Faint, thin black mustaches are growing on Carlos Araya’s and Hugo Monge’s upper lips. Though they are not yet noticeable at first glance, by the end of November, they are expected to be in full bloom.
Neither Araya, 34, nor Monge, 20, are planning on shaving their mustaches this month. The reason? They hope to bring awareness to the fight against prostate cancer, the leading cause of cancer in men in the Americas, according to the American Cancer Society.
Last week on Facebook, Araya and Monge launched “Movember Costa Rica,” a worldwide campaign to promote awareness and “support men with prostate cancer by growing a mustache during the month of November.”
On Nov. 1, Araya, Monge, “Movember Costa Rica” Facebook followers and teachers at the British School of Costa Rica joined the movement.
“In Costa Rica, the reality is that there is a lack of awareness and information about prostate cancer, as well as very few facilities that offer procedures and treatment options to fight it,” Araya said. “Everyone seems to have an uncle, relative or friend that has prostate cancer, and our mission is to educate and create more awareness.”
While Araya and Monge are the first to launch the initiative in Costa Rica, the Movember movement is quickly becoming a worldwide phenomenon. Since its founding by a group of friends who decided to grow mustaches in Australia in November 2003, Movember has amassed more than 450,000 participants and raised more than $178 million across dozens of countries.
Araya said the response on Facebook has been overwhelming. In a week’s time, the site had 900 “likes,” with dozens of comments. Followers will submit photos of their mustache progress throughout the month. Araya said the group is in the process of being recognized by the U.S.-based Movember Foundation, and is scheduling a local rugby match on Nov. 11 to raise funds.
“Once we get enough support and members throughout the country, at that point we will look into things like Movember fundraisers and events,” he said.
According to Costa Rica’s Social Security System, 805 people were diagnosed with prostate cancer in 2010, up from 559 in 2000. The Health Ministry reported that 395 men died from the disease in 2010, accounting for 18 percent of cancer-related deaths of men last year. Only stomach cancer had a higher percentage of deaths in 2010 for both men and women.
The Origins of Movember
In 2003, Adam Garone, a Movember founder and current CEO of the organization, talked with friends over beers about reviving a mustache trend. They held a 30-day “best mustache” contest.
“When the group came back to the bar and started telling their stories from mustache growing season, they realized that all their stories were alike in that the mustaches sparked an incredible amount of conversation,” said Donny Killian, who leads the U.S. Movember campaign. “Inspired by the women’s pink movement [for breast cancer awareness], they discussed how there wasn’t really a men’s health movement equivalent that yet existed. The following year, Movember officially began.”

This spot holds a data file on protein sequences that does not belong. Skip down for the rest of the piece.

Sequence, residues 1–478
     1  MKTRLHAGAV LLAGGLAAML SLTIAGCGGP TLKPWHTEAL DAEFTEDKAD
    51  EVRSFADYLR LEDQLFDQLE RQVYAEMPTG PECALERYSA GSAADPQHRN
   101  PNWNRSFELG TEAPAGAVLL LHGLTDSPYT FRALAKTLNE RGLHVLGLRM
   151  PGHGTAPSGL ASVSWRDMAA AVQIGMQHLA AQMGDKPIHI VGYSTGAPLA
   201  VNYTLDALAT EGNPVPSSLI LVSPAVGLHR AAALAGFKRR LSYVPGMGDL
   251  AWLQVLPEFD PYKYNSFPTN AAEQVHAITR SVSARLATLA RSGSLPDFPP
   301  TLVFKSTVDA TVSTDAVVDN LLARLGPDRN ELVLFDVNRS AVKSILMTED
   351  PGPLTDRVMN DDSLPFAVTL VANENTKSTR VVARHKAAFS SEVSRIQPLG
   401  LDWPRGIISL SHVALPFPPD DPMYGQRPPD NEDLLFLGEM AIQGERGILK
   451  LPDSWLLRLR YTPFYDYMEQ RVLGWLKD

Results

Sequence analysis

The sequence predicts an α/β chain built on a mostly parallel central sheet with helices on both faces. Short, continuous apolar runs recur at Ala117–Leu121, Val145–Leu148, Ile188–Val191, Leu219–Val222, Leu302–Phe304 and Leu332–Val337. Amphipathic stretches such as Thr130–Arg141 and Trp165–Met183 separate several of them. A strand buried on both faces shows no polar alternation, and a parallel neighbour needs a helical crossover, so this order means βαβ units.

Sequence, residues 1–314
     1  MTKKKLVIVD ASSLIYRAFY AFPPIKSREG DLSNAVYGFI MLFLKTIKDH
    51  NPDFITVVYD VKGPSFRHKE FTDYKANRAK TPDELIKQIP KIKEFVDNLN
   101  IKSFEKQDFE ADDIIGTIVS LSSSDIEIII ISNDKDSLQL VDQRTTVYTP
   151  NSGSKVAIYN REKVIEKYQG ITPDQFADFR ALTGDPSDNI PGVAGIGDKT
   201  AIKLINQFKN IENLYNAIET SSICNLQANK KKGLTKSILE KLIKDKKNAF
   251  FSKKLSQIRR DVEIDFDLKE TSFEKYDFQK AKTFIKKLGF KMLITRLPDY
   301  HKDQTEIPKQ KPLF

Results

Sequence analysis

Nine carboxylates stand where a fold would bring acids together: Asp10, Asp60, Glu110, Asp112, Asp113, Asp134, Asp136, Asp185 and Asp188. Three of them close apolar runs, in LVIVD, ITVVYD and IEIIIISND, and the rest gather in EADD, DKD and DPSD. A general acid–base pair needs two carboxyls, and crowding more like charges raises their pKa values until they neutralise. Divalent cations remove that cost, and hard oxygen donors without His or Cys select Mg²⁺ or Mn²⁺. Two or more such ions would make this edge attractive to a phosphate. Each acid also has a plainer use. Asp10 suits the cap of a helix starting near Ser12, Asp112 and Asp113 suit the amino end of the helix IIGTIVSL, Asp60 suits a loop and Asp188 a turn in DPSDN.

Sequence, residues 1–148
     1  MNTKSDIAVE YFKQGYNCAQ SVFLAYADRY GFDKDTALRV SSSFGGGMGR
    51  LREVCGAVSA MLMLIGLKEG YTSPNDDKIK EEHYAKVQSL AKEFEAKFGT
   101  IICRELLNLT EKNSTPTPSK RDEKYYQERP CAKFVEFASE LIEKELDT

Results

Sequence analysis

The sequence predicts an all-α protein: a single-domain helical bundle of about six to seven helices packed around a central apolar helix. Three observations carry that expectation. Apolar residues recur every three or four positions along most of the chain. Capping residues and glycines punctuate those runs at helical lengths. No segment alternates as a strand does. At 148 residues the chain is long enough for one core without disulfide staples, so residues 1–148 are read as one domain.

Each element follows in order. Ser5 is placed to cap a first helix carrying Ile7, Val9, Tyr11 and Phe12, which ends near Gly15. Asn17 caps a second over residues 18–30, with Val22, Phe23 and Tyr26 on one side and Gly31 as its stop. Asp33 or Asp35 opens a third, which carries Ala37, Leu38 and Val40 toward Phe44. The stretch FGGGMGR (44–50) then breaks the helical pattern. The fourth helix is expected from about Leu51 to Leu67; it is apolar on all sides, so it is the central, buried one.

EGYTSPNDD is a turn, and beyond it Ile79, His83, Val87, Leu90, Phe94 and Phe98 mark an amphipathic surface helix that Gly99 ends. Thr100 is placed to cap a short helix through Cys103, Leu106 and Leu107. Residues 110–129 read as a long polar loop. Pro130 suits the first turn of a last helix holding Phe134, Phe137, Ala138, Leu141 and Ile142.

In 2004, Movember’s first year associated with the fight against prostate cancer, 450 people sported a mustache and raised more than $54,000. In 2010, Movember raised more than $72 million.
“Movember has given men a way to participate without having to put on a blue T-shirt or blue sneakers or something like that, to generate awareness for prostate cancer,” said Dan Zenka, senior vice president of communications at the U.S.-based Prostate Cancer Foundation. “It’s a wonderful phenomenon that is also reaching a younger audience. Males aged 25 to 40 are a very important audience, and it is really teaching them about what prostate cancer is all about and making them advocates for [fighting] the disease.”
According to the Prostate Cancer Foundation, more than 16 million men worldwide are currently battling prostate cancer-related illnesses. Through the first 10 months of the year, more than 33,000 men died from the disease in the U.S.
Zenka, who is currently suffering from prostate cancer, said that early detection and routine checkups are the most efficient methods to catch prostate cancer at an early stage. He said that men should consider having their prostate examined before the age of 40, and should do so every year or two after that, depending on doctor recommendations.
Zenka also said that since the creation of Movember the amount of prostate examinations in the U.S. has increased significantly.
“Movember has done more to raise awareness of prostate cancer and discussion of the disease than any other effort I can think of,” Zenka said. “Prostate cancer is to men what breast cancer is to women and it has often lagged in awareness. Movember is changing that.”
Grow That ’Stache
The rules of Movember are simple. Participants shave all facial hair on Oct. 31. On Nov. 1, the first day of “Movember,” shaving the mustache region is prohibited for the duration of the month, while shaving the rest of the face is required. Handlebar mustaches are allowed, though they cannot connect to other facial hair.
For more, see www.movember.com and “Movember Costa Rica” on Facebook.